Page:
If you would like to order a signed copy of Ned, go to bed directly from Cathy herself, then please email her on Nedgtb@gmail.com The book costs £8.99 + p&p of £1.64.


Ned with a copy of his book!


Margaret Swift, Illustrator of Ned, go to bed


What does a day in the life of an Illustrator look like?

 A glance into my studio as I start the day can make me feel either happy or sad; in the morning I can be honest and critical having been away from my drawing board for a while and with the prospect of having a whole day to ‘put things right’… then a walk with Doodle, my dog, over the fields. This is a valuable time for us both to clear our thoughts for the day ahead. 

 Home to my drawing board, dependent upon my plans; sometimes, even after my evening meal, I may continue into the small hours (if things are going well!). 

 I don’t work to a strict pattern day by day, but I do enjoy having a deadline to work to – it focuses the mind. 


Did you draw as a young girl?

 Yes, always; when only young I realised that I could bring a drawing to life and produce a ‘likeness’. 

I noticed that I could draw a subject whose eyes would follow me from any angle – “The eyes are the window to the soul”, a proverb to remember when drawing a portrait. 


What were your favourite books growing up and are there any illustrators that you feel have inspired the way you approach your illustrative work?


One series of books I loved as a child was that of Beatrix Potter. 

Her characters are quite lifelike and maybe this influenced me when I was developing a style for my own illustrations.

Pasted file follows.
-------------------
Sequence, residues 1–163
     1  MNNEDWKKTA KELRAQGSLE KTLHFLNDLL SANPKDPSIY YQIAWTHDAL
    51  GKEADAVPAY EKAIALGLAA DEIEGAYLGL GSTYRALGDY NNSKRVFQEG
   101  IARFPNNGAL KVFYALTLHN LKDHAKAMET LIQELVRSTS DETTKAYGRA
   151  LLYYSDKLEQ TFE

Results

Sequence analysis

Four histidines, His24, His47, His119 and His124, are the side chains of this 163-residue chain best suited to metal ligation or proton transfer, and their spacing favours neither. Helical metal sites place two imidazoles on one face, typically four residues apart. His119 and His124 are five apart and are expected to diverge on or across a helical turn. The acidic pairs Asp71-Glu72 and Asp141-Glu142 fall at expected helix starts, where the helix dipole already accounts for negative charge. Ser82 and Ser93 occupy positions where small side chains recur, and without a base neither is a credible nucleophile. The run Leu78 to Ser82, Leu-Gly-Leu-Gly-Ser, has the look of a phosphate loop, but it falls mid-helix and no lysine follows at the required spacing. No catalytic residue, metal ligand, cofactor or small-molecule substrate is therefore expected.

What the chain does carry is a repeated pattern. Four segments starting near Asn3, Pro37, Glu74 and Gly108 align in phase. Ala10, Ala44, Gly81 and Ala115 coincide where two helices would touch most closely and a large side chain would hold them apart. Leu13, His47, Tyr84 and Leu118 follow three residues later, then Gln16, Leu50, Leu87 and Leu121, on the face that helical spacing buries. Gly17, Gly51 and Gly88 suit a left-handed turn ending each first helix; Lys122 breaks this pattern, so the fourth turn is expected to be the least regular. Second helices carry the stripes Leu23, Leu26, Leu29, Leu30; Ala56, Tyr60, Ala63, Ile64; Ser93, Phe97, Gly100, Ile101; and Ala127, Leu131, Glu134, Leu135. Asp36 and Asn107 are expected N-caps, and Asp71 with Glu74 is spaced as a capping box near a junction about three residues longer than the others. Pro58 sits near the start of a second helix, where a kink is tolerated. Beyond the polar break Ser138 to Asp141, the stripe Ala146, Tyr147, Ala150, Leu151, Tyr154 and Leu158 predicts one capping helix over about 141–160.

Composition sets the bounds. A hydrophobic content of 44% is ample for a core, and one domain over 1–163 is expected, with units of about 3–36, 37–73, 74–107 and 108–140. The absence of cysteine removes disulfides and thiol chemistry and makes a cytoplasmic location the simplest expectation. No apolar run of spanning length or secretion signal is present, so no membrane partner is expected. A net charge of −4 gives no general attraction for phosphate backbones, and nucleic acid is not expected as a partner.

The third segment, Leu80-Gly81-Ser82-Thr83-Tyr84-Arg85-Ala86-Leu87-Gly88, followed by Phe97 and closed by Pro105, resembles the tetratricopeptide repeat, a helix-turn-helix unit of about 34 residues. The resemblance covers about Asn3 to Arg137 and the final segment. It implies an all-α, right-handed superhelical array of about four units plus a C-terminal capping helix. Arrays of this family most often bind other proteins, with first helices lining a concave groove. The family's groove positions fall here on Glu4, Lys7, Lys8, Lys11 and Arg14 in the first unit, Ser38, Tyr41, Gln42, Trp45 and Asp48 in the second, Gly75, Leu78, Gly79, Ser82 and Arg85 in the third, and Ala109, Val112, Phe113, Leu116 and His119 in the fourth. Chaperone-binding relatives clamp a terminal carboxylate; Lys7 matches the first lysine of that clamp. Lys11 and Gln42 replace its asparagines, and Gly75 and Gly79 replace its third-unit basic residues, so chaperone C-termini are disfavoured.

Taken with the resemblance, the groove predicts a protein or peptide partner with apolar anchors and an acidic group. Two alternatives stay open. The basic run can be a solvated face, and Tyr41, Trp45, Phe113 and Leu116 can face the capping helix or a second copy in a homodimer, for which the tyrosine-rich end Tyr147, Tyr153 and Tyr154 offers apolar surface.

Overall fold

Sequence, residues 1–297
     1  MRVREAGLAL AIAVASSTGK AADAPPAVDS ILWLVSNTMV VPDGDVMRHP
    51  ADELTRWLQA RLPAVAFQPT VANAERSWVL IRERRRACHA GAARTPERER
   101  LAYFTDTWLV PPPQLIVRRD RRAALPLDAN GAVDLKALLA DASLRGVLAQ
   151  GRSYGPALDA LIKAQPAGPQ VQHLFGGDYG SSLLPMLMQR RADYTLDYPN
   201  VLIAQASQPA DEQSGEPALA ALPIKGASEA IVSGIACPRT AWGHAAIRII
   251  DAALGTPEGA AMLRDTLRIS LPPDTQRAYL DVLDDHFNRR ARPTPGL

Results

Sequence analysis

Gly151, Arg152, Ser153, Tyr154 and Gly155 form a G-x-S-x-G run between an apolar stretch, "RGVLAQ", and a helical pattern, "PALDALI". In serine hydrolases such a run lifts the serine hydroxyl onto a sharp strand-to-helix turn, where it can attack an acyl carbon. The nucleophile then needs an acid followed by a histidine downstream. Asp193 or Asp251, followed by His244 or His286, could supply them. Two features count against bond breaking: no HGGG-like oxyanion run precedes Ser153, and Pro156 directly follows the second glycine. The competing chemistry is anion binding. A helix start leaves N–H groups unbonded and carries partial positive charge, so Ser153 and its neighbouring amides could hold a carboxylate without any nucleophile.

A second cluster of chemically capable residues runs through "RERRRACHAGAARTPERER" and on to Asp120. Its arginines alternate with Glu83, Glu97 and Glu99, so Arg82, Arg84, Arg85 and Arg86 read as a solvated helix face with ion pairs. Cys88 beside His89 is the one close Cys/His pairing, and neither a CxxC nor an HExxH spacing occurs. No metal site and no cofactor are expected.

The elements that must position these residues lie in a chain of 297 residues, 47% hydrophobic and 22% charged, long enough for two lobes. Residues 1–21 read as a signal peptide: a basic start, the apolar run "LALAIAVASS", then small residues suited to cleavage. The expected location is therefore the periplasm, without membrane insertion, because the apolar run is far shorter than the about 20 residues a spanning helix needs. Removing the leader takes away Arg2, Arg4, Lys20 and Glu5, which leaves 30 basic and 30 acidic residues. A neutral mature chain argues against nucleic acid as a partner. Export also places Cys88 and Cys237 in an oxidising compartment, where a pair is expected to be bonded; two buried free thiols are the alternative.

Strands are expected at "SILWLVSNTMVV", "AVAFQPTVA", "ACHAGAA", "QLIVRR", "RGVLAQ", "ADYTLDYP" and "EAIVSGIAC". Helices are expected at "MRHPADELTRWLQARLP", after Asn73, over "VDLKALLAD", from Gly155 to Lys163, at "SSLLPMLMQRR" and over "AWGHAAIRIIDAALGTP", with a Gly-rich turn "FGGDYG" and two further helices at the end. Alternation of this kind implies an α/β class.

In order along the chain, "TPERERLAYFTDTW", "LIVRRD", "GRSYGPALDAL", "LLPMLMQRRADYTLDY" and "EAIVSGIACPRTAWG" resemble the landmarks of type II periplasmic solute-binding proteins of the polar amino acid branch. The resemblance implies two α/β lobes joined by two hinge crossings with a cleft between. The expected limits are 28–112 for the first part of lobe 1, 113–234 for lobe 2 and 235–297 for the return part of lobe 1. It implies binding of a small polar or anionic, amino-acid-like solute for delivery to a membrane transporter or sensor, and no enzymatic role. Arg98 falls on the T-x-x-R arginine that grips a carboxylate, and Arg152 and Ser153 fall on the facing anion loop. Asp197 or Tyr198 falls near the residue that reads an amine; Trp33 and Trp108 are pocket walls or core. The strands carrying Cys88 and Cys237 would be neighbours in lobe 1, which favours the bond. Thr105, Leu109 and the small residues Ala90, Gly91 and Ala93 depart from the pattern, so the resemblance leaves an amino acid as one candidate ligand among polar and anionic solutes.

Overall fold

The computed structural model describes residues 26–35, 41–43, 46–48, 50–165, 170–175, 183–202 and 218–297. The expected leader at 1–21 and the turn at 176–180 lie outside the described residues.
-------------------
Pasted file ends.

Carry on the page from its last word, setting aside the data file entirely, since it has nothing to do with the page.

For myself I prefer realistic imagery rather than an over exaggerated, cartoon approach, which works well in many children’s books, but one I would find difficult or unnatural to replicate. 


How did you start your career as an illustrator?

Began my career as a Graphic Designer in industry followed by Lecturing in Graphic Design, specializing in Typography, Life Drawing, Computer graphics, Page layout and Image manipulation. 

Worked freelance as a designer and Digital Artist, also taking commissions for Portraiture. Then, recently I was approached to illustrate a Children’s Book – wonderful!  I thank the Publishers for allowing me to have control of the type and layout of the pages –a great bonus, also to the Author for allowing me to play with and illustrate her words! 


I guess to answer the question it was quite a complicated route! I still attend Life Drawing classes regularly and Summer Schools in London at The Slade and London School of Painting & Drawing - you never stop learning. 


What advice would you give to someone who would like to work in this field?

 Love your work – try to make ‘work-time’ your ‘play-time’. 

 Take advice, accept criticism, continue through the pain barrier which you will inevitable hit, it’s there for a purpose – if its not hard work, anyone could do it. 

Work continuously all your life to develop your skills, on paper or on screen for a love of the process, then it’s up to ‘happenstance’ as to where it will lead you… 


What are your favourite and least favourite things about the job?

 Favourite:  that you never quite know what your next challenge will be, it’s always fresh and original. 

Least favourite:  being faced with a blank sheet of paper and not daring to make the first mark – it happens every time. 

It really isn’t a job – more a way of life! 


Margaret Swift

"Ned, go to bed" Illustrator
http://www.margaretswift.co.uk/


A big Thank You to Cathy and Margaret for taking the time out to answer our questions. I'm sure all my readers and their children would enjoy reading this book!

Happy reading! :)